What is there left to say about Richard D James, more famously known as Aphex Twin? Frankly, it's a gift that we're still getting new music from the man, myth and legend at all, given the decade-long hiatus he took from releasing new music not so long ago. But where his comeback full-length Syro was an unmitigated success, his last EP Cheetah received a mixed reception, showing that even those as talented as James don't and shouldn't always get an easy ride based on their past importance.
Collapse, announced a couple months ago via a series of posters that appeared overnight in London, Turin, LA, NYC and Tokyo, however, sees a back to basics approach - as much as that term can ever apply to James - where he has returned to the masterful atmospheric electro we are all used to him producing. Though billed as an EP, the five tracks here clock in at just under half-an-hour of the kind of sounds that are created specifically for one to burrow themselves into and navigate around the labyrinth tunnels James has sonically sculpted. The expected instant reaction to hearing Collapse should really to just put it on again, and again, and again etc.
Opener 'T69 collapse' has also been featured in a stunning animated video which goes some way to displaying this record's artwork concept and promotional campaign (rendering and reimagining landscapes, be they urban or rural), but it is yet another worthy single in a canon of them Aphex has amassed. '1st 44' keeps the pace, though its background harpsichord reminds one of Björk's 'All is Full of Love', while the counterpointed synths is a return to James's legendary Selected Ambient Works.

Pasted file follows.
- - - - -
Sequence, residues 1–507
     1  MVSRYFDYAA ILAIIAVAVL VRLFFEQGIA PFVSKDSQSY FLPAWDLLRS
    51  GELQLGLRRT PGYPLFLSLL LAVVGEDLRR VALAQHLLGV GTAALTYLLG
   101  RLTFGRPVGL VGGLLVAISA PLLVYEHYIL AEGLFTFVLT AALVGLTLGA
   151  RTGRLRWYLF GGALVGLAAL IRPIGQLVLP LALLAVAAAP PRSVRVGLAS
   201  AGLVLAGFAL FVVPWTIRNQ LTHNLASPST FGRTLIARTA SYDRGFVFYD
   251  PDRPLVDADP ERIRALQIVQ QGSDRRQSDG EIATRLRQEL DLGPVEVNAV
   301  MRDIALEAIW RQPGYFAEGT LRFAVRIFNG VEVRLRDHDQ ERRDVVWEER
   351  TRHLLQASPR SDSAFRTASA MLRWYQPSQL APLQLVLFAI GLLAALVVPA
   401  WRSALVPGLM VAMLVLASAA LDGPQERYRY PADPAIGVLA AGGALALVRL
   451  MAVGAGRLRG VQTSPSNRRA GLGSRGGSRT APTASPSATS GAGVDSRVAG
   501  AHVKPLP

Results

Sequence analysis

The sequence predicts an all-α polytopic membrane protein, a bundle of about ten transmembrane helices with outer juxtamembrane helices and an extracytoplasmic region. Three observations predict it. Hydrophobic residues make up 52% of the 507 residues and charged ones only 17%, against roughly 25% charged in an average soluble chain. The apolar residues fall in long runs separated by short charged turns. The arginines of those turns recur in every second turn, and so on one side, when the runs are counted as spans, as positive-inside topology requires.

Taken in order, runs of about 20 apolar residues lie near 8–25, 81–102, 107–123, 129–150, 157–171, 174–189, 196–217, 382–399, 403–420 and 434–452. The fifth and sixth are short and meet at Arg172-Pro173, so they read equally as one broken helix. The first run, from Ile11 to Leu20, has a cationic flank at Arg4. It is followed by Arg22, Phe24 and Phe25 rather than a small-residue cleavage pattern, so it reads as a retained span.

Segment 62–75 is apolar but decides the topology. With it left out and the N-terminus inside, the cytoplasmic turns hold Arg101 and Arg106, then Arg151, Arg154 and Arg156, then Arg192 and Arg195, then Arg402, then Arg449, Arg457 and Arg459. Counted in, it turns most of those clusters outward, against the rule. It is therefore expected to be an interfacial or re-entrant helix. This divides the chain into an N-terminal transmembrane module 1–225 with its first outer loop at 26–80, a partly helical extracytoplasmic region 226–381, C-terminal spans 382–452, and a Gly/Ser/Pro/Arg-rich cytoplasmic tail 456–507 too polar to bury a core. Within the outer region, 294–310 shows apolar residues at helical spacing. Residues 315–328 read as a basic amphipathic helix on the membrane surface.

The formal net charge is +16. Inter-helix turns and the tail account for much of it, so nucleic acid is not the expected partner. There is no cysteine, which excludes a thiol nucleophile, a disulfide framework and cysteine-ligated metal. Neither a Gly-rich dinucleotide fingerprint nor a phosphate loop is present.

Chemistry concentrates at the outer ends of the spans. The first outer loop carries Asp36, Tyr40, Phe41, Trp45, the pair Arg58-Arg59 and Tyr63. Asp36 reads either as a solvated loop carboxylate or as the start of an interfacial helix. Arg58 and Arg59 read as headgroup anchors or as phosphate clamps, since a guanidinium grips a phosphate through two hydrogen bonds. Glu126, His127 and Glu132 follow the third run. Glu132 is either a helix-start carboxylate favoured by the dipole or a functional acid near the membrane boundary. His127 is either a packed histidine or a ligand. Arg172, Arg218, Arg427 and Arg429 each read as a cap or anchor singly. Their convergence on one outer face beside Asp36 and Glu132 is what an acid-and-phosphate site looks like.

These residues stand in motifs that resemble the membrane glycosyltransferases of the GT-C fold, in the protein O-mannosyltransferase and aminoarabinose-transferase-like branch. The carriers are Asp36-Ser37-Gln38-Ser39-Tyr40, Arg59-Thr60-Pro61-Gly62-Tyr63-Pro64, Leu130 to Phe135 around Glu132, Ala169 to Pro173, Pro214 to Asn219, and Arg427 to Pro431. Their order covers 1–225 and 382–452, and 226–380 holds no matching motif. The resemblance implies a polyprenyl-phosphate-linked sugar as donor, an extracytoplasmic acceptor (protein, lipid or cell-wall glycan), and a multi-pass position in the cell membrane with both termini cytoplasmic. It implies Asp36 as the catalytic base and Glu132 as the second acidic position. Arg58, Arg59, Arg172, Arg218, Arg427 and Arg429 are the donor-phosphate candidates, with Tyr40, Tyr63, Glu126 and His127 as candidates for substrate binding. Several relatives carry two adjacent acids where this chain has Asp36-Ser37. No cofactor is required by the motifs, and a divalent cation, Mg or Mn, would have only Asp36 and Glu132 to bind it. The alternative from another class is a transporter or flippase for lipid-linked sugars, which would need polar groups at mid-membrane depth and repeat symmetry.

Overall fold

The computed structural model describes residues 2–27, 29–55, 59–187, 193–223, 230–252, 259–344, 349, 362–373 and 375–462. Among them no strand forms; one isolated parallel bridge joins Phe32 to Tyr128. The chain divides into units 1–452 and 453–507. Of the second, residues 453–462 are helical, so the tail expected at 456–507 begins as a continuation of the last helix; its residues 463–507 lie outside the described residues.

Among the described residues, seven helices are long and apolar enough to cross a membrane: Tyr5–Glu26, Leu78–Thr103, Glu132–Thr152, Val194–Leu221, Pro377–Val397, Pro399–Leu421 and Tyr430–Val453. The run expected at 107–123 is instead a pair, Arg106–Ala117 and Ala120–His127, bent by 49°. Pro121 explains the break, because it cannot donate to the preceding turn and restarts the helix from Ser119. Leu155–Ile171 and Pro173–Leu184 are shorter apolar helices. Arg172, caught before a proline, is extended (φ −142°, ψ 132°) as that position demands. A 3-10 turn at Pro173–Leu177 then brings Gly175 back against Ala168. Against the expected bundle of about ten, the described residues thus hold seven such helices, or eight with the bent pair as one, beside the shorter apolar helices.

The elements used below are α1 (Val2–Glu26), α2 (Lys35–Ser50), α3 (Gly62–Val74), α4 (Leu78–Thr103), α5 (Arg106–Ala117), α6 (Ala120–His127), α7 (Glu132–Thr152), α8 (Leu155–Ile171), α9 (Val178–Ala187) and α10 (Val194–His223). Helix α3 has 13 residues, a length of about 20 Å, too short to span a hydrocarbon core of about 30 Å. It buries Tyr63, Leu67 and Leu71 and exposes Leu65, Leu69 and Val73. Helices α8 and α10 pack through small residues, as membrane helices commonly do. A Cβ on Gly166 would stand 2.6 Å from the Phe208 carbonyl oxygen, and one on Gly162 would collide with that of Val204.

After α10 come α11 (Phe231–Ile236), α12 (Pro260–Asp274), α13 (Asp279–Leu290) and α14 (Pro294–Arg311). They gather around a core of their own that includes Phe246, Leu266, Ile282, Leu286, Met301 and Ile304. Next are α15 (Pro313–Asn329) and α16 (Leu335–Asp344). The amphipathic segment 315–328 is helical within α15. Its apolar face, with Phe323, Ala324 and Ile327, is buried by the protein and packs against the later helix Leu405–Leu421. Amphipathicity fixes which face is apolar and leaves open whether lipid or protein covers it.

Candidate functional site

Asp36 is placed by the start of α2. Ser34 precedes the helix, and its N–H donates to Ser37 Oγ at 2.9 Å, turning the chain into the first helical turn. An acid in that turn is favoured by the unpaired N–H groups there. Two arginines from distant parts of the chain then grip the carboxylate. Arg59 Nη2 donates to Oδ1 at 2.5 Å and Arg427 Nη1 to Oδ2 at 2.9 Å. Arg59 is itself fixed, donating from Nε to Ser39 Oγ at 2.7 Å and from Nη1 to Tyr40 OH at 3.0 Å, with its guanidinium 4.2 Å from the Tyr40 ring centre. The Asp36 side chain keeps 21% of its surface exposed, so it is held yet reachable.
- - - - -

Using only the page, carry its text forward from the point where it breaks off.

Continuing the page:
'MT1 t29r2' is by far the hardest hitting of the EP, sitting directly in the middle of the record, though it is, thankfully, broken up by some brief moments of levity to prevent it from becoming amongst James' toughest work to stomach. 'abundance...' is centred around one of James' classic tropes, creepy voice recordings of English children, reminiscent especially of his classic full-length Richard D. James Album. But even beyond that, this is the most satisfying song on the record as James pulls off his myriad tricks and once again somehow manages to pull everything off in sequence, like a master gymnast or figure skater.
Finale 'pthex' initially at least calms things down for a while, with the lowest-key, deepest-bass inflexion. The final track displays once again that within all the madness, James still has an incredible range and ability to create different moods all within keeping of his highly idiosyncratic style. While Collapse won't go down as one of James's landmark Aphex Twin releases, however, its consistency and striving ambition to keep moving the project forward, both as a familiar, welcome friend but one that challenges you incessantly is highly appreciated. One waits with bated breath on James' next full-length release, should he choose to make one.